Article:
US - The dairy industry has thanked the US government for its extensive work aimed at securing clarifications regarding the right to use several generic cheese names in exports to Honduras, while also establishing a better model for how Central American countries can more reliably provide such information in the future.
Honduras is an important trading partner in a growing region for US dairy exports.
It is a member of the US-Central American Free Trade Agreement (CAFTA). US dairy exports to CAFTA partners totalled $109 million last year, with Honduras ranking second in the FTA region.
The National Milk Producers Federation (NMPF) and the US Dairy Export Council (USDEC) said they appreciated the Administration’s diligent work with Honduras, which this week clarified the use of threatened cheese names including parmesan, provolone and brie.
Although the results did not include assurance on the continued use of certain other common names currently protected in Honduras, it does provide important assurances on many common name products.
The confusion over the names stemmed from a free trade agreement between Honduras and the European Union, in which the EU secured provisions that threatened to restrict the use of numerous commonly used food names, the dairy organisations said.
After numerous discussions between the United States and Honduras, the country agreed, among other things, to clearly spell out on its official website the scope of protection of the names and to create a searchable database to identify geographical indications, the official designations that protect the unique nature of specialised foods. The database will also identify which elements of those terms are deemed to be generic. In addition, Honduras committed to other steps such as providing similar clarifications for future GI applications.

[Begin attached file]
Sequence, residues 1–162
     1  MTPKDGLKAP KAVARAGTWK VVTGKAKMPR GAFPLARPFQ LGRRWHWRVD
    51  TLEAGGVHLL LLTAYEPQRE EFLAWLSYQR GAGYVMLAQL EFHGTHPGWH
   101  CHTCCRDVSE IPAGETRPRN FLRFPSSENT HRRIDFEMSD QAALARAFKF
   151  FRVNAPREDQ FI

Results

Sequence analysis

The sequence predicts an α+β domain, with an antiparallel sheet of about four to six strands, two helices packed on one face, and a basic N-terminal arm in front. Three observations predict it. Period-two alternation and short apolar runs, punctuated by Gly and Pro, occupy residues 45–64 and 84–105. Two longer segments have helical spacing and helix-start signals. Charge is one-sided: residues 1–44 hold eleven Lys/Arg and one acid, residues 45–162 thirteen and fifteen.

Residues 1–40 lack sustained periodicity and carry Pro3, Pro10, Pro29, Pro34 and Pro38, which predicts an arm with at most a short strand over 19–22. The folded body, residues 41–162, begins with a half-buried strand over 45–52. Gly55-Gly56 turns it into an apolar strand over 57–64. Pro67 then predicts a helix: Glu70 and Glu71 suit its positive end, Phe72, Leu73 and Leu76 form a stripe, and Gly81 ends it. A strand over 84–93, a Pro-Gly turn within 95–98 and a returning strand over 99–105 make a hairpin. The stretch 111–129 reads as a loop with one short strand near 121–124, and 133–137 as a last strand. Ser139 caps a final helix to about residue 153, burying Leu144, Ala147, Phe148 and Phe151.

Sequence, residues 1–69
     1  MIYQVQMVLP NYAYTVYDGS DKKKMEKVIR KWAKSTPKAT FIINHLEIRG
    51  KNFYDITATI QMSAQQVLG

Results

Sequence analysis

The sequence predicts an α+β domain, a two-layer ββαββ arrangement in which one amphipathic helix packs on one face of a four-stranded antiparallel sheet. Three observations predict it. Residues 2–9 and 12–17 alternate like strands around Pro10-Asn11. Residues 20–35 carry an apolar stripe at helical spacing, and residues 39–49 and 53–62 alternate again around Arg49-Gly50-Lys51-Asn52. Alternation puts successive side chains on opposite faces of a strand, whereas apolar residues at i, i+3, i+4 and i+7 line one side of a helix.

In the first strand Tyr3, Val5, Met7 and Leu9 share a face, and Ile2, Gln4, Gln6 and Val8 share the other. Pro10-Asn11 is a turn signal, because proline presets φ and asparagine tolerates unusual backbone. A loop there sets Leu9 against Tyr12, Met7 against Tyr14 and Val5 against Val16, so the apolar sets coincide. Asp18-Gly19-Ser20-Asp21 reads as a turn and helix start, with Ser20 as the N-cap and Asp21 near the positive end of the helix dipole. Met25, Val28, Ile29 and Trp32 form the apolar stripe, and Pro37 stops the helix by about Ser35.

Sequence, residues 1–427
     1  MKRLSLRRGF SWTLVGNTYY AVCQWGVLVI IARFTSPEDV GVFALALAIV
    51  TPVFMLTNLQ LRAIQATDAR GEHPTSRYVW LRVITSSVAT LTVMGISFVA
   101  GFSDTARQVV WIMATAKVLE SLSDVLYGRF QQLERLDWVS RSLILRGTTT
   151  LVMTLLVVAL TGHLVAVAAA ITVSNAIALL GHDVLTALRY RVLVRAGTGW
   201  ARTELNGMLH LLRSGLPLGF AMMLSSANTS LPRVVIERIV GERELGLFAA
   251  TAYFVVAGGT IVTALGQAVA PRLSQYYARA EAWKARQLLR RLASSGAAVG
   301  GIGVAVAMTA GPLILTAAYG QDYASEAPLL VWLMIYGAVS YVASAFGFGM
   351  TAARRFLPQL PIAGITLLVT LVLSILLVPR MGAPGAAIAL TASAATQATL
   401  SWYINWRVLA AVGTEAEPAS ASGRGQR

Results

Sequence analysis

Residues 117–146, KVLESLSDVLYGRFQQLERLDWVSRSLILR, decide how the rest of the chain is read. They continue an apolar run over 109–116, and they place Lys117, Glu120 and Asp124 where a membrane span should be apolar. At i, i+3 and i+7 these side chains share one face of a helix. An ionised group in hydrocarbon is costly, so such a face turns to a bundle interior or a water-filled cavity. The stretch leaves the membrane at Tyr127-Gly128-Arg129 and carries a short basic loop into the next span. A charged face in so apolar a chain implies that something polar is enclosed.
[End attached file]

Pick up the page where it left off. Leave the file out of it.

“The dairy industry has worked closely with the Administration for several years to mitigate potential damage to our CAFTA market access opportunities arising from the Central America – EU FTA,” said NMPF President and CEO Jim Mulhern.
“USTR’s work with Honduras was particularly important, since a previous lack of easily accessible information in Honduras hurt our own efforts to determine our ability to keep using common cheese names in exports to that country.”
Tom Suber, president of USDEC, also praised this latest accomplishment, while stressing that this was one victory in a continuing battle with Europe over geographical indications.
“Essentially, through geographical indications provisions in its FTAs, Europe wants to monopolise the use of food names that have long been in the public domain,” Mr Suber said.
“We encourage USTR keep working in additional markets – both in Central America and around the globe – to preserve our ability to use these common cheese names, particularly in countries with which we have our own free trade agreements.”
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